Shannell grimaced, her lips pulled wide over her clinched teeth.  “He’s bleedin’ like a faucet and walkin’ roun, and bleedin’ lots and walkin’ and I’m tryin’ to fine him.  You got to hep me fine him, he bleedin’ and walkin’ roun.”  She smiled, coy, some part of her brain reminding her that life would be harder if her D were found dead.  She held onto the car, swaying, lost her balance, then leaned closer.  Clown-like, her eyes squinted, her mouth opened in an oval, “Oh, you Salt,” she said, sounding pleased with herself.

            “Shannell, you couldn’t tell it was me?  You get something bad in your bump tonight?”  Salt’s hands felt sticky as she lifted them from the steering wheel.

“You poleese car all muddy,” Shannell ran her hand over the windshield, “I couldn’t see,” she held up her hand, dirty, then wiped her hand through her fierce hair.

Salt shifted again in the seat as she moved the gear arm up to the park position.  Even though at 5’8” she was as tall as some of the male officers, she could barely see over the steering wheel of this old cruiser because the seat was broken down to the floor board.  The big day watch guy had been driving this car for a couple of years.. 

Cutting through Shannell’s crack chatter Salt tried to get to the necessities.  The best way to catch sight of Big D on these night streets would be by his clothes.  “What shirt does D have on?”

“That Raiders one he love and always wear.”

“Black with the silver lettering?  Where’s he cut?”

“Just his arm.  Yeah he love them Raiders.  They go to jail almost much as he do.”

“Where on his arm?”  Salt pictured Big D in his old Raiders shirt, old OG.

“His top arm, near his pit.”

“How long since he was cut?”

“Just a minute.”

“Who cut him?”

“I did.” Shannell dragged out her last word, just like a kid, sampling the consequences of a partial confession.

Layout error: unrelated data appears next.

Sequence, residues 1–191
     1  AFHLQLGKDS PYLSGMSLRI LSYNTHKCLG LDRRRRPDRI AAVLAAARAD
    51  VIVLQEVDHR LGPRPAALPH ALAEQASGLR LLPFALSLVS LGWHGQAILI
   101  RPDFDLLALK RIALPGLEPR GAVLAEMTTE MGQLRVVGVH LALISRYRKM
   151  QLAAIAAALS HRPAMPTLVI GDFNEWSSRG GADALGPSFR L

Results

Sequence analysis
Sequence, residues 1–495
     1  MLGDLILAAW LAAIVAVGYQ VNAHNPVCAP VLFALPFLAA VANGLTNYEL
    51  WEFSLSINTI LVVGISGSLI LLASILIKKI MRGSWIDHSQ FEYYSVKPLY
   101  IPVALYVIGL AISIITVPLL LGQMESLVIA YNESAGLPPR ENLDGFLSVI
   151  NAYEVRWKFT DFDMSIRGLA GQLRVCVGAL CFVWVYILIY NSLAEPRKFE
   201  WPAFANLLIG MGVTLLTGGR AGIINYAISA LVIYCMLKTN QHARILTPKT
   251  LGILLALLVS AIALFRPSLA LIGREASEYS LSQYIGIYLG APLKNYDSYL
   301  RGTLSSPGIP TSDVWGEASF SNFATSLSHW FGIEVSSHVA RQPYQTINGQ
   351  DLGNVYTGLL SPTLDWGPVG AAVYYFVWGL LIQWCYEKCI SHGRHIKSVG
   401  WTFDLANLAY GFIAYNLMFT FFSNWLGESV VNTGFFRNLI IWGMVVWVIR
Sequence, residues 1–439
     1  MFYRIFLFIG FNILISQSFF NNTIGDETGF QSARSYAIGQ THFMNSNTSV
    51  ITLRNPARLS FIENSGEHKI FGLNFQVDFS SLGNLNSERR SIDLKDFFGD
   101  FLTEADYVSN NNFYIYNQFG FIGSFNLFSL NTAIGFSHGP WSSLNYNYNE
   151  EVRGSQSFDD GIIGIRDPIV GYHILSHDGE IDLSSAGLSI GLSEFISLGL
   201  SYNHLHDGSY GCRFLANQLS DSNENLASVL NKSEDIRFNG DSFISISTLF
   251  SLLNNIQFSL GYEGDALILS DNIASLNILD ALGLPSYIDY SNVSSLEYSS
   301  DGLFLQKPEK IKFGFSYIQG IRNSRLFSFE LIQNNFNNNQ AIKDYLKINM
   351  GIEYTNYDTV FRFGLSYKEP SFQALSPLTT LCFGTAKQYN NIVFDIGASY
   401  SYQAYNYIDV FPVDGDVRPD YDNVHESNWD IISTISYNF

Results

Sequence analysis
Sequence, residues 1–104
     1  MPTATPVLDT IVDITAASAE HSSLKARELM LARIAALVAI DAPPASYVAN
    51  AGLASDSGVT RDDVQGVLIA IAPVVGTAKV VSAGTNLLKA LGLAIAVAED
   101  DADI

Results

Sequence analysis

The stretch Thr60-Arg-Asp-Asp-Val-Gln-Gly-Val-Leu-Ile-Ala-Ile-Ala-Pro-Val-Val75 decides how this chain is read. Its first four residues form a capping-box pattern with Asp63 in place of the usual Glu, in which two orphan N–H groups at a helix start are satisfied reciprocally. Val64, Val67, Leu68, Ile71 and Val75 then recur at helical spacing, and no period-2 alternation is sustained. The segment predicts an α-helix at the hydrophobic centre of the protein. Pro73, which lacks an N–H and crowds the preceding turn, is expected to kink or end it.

“Why this time?”

“We just always fight.”

“Get in the car and help me find him.  Where’s the knife?”  There was no place on her skinny body to conceal much of anything.

“D took it,” she grabbed the door handle before Salt could press the automatic lock release.  Then she had one leg in the open window of the back door before Salt saw what she was doing, “Ah, Shannell, don’t come through the window, let me get the door unlocked.”

“Oh, I can,” she had one leg in and one out, all jittery, she couldn’t be still even when stuck.  Finally, she got all the way back out.  “I can’t never decide which way to go.”

 “Just get in the back seat on the other side so I can see and talk to you while we look for Big D.  I don’t know why you stay with him.”

“I’m not scared of him. He the one cut.”

“He’s always the one cut.  Why doesn’t he move out?”

Shannell passed in front of the headlights to get to the other side of the car, “Cuz I’m Shannell and he luuuvv my cooda pot pie!” she sang, grabbing her crotch, hootchie dancing and laughing. When the skin-and-bones woman opened the back right door and plopped to the seat Salt overwhelmed by Shannell’s odor; metallic crack, recent sexual encounters, and reek of days without proximity to any body of water larger than a shot glass,  tried not to smile or breathe “Cooda pot pie.” Salt exhaled as she tripped the auto lock system, the simultaneous clicks of the four door locks insuring Shannell’s containment in the caged back seat.  She turned her head to the open window, scanning the street, while she took in air.  “I really don’t know why you stay together.”

Everyone in and around The Homes knew Shannell cut Big D on a regular basis.  Big D never showed for court because he almost always had warrants out on him for some crime or other, usually receiving stolen autos.  But now he had to be found quick.  With a cut to the upper arm he might be bleeding heavy.  Shannell might go down for his murder tonight rather than next week or next year, though the opportunity would probably come to her again.

Salt’s hands on the steering wheel were still, just for a moment before she shifted the gear arm to go into the urgent search for Big D.  As she checked the rear view mirror something in her own reflection, in her eyes, reminded her of the skinny kid she’d been when she’d needed that prayer.  Along with an adrenaline surge, she saw herself watching from the twilight woods, her hands on rough tree bark, the lights of her own home,. “Lead me through the darkness.”